07 August 2020
Asthma , COPD, Allergy, Food Allergy, Other Diseases

After days of intensive negotiations, the agreement reached on 21 July in the European Council on the budget for the Covid-19 recovery and the next Multiannual Financial Framework (MFF) 2021-2027 has been presented as a political breakthrough.

Yet the European Council has reached an agreement at the expense of the EU4Health Programme, which has been downsized from 9,4bn to 1,7bn. Similarly, it contains a substantial reduction in the EU research budget, from 94,4bn to 80,9bn.

EFA patient community consistently standing for a strong EU health budget

Directly affected by the non-communicable diseases epidemic, EFA allergy, asthma and chronic obstructive pulmonary disease (COPD) patient communities want to see an ambitious EU budget that drives the highest standards of public health protection, one that pioneers preventative research. People living with allergy and airways diseases expect EU policy interventions to enable equal access to quality care across borders, and better preparedness and sustainability.

In this regard, EFA has always supported forward-looking policies on prevention, access, care and research, a stronger mandate for the European Medicines Agency, as well as promising joint initiatives such as Health Technology Assessment.

Health still not the EU priority despite Covid-19

The European Council agreement came against a background of optimism, following the ambitious proposals of the Commission in May, calling for increased investment in health.

Welcomed by most stakeholders as a much-needed shift of course in the wake of the Covid-19 pandemic, the Commission had ‘corrected’ its previous proposals by restoring a stand-alone health programme, and prompting a broader discussion about a stronger EU role in health policy, expected to take a formal shape in the upcoming Conference on the Future of Europe.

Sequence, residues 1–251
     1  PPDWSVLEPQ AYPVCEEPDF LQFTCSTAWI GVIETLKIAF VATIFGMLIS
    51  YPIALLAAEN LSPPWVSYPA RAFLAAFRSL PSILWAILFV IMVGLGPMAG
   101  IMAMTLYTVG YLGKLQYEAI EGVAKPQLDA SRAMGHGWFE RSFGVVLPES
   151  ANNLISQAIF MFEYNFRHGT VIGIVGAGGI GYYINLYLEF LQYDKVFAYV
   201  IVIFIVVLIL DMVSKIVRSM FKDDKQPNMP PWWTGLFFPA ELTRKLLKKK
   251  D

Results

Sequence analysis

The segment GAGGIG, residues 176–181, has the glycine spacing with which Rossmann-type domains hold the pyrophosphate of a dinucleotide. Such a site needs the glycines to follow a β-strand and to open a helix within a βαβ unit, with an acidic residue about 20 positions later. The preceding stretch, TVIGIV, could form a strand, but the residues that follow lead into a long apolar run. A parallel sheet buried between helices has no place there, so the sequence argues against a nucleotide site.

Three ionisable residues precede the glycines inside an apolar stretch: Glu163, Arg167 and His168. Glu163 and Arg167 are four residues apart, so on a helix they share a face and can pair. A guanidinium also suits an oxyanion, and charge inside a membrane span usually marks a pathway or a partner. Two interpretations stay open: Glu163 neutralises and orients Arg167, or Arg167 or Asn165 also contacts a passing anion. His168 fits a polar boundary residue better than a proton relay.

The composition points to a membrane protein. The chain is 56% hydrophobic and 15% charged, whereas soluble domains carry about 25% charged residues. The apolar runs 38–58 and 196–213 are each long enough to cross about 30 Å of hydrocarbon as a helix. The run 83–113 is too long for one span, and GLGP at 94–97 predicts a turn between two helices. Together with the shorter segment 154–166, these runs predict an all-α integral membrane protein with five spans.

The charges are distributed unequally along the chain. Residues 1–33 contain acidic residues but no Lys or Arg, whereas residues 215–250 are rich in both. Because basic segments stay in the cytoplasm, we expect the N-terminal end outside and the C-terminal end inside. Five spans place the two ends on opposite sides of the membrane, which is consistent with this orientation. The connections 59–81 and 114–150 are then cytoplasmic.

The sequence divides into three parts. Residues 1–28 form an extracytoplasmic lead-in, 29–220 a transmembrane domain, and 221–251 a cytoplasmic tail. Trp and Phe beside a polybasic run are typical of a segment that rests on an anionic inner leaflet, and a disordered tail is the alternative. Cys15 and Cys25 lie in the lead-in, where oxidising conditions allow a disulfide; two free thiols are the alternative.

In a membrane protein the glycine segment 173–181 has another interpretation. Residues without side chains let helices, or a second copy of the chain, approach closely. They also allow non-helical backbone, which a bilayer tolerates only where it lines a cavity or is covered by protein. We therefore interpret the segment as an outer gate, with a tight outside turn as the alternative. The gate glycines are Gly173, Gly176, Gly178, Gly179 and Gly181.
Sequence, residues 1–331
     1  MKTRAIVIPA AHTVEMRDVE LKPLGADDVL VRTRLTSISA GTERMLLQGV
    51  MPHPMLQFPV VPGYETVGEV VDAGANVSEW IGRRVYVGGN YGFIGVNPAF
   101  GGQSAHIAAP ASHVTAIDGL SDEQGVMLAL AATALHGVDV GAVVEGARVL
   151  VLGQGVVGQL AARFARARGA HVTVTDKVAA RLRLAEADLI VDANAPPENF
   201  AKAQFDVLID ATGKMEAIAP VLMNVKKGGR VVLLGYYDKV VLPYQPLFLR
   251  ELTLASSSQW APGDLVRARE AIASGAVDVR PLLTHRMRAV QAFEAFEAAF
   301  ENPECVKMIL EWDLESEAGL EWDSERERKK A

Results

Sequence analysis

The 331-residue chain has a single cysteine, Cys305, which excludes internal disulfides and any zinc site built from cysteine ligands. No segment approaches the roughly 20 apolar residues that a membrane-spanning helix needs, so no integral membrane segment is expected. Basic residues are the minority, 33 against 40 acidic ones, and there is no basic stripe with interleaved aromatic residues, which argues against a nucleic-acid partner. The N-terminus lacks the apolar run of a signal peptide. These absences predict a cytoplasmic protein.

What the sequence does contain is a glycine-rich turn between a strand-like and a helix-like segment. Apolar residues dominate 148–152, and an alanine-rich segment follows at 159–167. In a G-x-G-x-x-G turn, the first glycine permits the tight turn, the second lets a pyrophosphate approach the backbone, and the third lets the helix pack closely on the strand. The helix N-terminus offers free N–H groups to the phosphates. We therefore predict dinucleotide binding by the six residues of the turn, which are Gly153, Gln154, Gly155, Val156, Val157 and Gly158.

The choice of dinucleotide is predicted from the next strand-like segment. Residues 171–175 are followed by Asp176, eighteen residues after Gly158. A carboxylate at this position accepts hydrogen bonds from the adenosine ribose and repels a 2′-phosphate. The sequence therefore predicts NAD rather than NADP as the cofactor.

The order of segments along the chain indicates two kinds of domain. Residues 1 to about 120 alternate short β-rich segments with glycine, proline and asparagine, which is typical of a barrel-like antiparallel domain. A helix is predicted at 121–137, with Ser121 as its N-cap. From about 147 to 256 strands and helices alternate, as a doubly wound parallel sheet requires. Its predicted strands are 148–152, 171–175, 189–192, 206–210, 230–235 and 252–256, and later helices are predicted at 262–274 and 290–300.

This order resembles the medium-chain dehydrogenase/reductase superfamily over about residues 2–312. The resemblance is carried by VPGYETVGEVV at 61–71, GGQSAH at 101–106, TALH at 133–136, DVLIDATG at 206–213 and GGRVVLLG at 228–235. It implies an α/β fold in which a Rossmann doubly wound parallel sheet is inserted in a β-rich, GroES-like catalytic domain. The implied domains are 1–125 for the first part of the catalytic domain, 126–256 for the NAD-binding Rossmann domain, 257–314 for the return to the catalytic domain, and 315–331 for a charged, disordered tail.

The Council decision now puts a question mark on these considerations. On the one hand, it deprives national health systems of a much-needed boost from an ambitious EU Health programme, in a time when the Covid-19 crisis is still raging and EU action on health is more urgently needed than ever. On the other hand, even when the Covid-19 pandemic is putting EU’s health systems at stake, and people’s lives at risk, the health of the millions of chronic disease patients is clearly still not being treated as a key priority at the EU level.

Future EU research capacity undermined

The significant cuts in research funding will have a considerable impact on health research and innovation, an area where the EU aims to gain global leadership.

Moreover, reduction in funding resources are set to affect negatively the EU scientific progress in health research and innovation, including in chronic diseases such as asthma, allergy and COPD, the study of which is notoriously complex and where research need clear policy drivers and incentives.

A “regrettable” compromise

At the end of the negotiations, the Commission President Ursula von der Leyen referred to the cuts in the health budget as a ‘regrettable’ compromise. The European Parliament reacted quickly, expressing its disapproval to the decision and defending the previously allocated budget.

This dismay is voiced by the vast majority of health stakeholders at the EU level. In coordination with colleague organisations in the health sector, EFA co-signed an #EU4Health statement calling the EU institutions to review this decision and to stand firm behind a strong budget for long-term health action, putting people’s health and well-being at the top of their priorities.

More information on asthma and COPD patients’ access to diagnosis, care and disease management can be found in EFA’s European Active Patients ACCESS Care Report.